Asus ROG Swift PG42UQ 4K OLED Review: Stunning in Every Respect

The Asus ROG Swift PG42UQ is a 42-inch 4K OLED gaming monitor with 138 Hz, Adaptive-Sync, HDR and extended color.

Asus ROG Swift PG42UQ
Editor's Choice
(Image: © Tom's Hardware)

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To compare the PG42UQ’s performance, I’ve rounded up a group of OLEDs and two high performance VA panels. There’s Alienware’s AW5520QF and AW3423DWF, Aorus’ FO48U, Asus’ XG43UQ and Samsung’s G8.

Pixel Response and Input Lag

Click here to read up on our pixel response and input lag testing procedures.

Obviously, refresh rate is a determining factor. The 240 Hz G8 is the fastest 4K panel currently available, though you’ll need a lot of graphics power to drive it to its full potential. It’s the smoothest monitor of the group, though the OLEDs are nearly as good with their super-quick sub-field response times of 0.1ms. Ultimately, you won’t find any distracting blur or artifacts on these screens.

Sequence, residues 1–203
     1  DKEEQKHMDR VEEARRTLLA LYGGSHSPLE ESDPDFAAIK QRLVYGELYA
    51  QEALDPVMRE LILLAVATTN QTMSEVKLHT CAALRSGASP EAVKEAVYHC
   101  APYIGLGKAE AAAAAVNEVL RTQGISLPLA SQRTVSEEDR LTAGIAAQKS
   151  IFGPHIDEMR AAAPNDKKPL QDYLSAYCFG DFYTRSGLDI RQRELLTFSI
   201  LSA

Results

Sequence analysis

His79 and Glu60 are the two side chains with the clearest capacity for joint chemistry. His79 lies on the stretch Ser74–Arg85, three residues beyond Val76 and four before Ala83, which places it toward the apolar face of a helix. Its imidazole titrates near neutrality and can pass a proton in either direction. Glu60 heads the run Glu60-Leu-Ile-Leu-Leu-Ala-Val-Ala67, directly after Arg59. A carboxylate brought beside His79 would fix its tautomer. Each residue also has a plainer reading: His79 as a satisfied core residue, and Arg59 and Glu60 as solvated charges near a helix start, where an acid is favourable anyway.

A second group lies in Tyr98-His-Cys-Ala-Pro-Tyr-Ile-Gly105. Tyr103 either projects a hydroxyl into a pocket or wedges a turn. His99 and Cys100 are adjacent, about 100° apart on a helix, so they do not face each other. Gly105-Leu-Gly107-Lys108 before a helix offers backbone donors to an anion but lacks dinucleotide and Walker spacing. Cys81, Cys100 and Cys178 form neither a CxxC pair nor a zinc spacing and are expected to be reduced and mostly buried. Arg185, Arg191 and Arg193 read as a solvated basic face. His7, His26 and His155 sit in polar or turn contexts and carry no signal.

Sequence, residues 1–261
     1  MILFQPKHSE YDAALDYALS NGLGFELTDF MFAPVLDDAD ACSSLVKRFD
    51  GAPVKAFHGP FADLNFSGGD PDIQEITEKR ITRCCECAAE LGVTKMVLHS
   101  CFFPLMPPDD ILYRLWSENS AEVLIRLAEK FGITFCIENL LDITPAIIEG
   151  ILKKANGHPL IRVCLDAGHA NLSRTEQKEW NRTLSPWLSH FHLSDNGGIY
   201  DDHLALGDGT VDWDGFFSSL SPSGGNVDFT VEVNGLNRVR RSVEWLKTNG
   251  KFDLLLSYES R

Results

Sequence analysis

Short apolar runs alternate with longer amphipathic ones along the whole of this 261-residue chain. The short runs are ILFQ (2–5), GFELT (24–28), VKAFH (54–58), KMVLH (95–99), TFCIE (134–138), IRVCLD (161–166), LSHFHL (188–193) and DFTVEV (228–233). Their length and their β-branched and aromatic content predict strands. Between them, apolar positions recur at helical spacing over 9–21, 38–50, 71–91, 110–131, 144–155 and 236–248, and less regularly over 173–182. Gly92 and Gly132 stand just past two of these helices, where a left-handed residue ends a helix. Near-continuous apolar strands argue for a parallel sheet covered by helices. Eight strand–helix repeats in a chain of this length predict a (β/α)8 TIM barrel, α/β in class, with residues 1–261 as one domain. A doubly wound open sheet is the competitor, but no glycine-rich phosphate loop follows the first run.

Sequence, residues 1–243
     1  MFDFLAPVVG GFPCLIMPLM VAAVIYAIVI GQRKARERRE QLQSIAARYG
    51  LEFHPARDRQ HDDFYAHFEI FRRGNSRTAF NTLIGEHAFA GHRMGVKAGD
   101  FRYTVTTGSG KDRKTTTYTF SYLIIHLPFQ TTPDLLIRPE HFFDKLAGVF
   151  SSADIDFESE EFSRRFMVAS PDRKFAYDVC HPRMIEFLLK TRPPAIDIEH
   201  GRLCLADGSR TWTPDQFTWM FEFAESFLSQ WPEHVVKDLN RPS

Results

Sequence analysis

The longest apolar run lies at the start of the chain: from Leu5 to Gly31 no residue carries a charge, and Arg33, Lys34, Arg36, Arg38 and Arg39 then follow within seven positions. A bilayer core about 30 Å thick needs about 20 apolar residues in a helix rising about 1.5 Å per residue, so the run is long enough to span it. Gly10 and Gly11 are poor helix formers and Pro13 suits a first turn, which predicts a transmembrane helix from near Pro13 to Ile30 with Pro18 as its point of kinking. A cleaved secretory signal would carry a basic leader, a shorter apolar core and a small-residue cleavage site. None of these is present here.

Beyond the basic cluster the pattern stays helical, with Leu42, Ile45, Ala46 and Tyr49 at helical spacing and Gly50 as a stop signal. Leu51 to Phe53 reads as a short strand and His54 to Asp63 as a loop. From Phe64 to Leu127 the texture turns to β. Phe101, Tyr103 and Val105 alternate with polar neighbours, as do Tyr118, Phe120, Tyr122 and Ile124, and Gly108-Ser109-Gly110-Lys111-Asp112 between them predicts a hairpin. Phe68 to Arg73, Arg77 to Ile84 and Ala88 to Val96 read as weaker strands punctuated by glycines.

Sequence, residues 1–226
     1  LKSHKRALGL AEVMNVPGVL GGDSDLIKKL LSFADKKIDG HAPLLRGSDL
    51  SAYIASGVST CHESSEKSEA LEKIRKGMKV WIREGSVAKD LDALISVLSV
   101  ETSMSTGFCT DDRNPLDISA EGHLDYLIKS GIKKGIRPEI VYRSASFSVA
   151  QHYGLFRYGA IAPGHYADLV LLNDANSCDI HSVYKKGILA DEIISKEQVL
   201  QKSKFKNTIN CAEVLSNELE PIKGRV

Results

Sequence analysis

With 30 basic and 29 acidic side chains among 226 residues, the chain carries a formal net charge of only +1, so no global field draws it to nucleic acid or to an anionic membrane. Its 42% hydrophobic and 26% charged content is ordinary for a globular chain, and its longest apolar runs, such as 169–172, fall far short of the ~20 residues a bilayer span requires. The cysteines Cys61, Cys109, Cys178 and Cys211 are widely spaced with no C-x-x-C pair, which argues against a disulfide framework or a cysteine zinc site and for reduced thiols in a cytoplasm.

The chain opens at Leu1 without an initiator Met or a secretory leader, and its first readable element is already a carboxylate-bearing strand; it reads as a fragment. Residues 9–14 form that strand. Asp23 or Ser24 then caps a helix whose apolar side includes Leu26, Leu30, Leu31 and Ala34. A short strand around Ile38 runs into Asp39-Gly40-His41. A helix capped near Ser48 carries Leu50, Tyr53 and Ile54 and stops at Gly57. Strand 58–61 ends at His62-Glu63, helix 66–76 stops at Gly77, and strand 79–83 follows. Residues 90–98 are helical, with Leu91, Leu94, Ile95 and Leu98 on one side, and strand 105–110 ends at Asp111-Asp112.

The PG42UQ’s 138 Hz overclock gives it a slight edge over the 120 Hz OLEDs and is even a touch quicker than the 144 Hz XG43UQ and its VA panel. Given the state of today’s premium gaming systems, you won’t need more Hertz than the G8 for some time to come. And the 120, 138 and 144 Hz found in other 4K panels is also more than enough capacity. It’s certainly enough to match with a PS5 or Xbox Series X or a PC equipped with a GeForce RTX 3090 like mine.

Viewing Angles

PG42UQ Viewing (Image credit: Tom's Hardware)

Here’s what I alluded to earlier regarding the PG42UQ’s polarizing screen layer. Like any OLED, there is no reduction in brightness or detail at 45 degrees off-axis. But there is an obvious color shift to blue/green. You can also see that the center of the screen is a touch warmer than the edges. This effect is easier for the camera to see than the naked eye, but it does illustrate the effect of Asus’ anti-glare layer. It delivers a super sharp and bright image but has some of the drawbacks of a big LCD. With that said, the PG42UQ is entirely shareable thanks to its large size.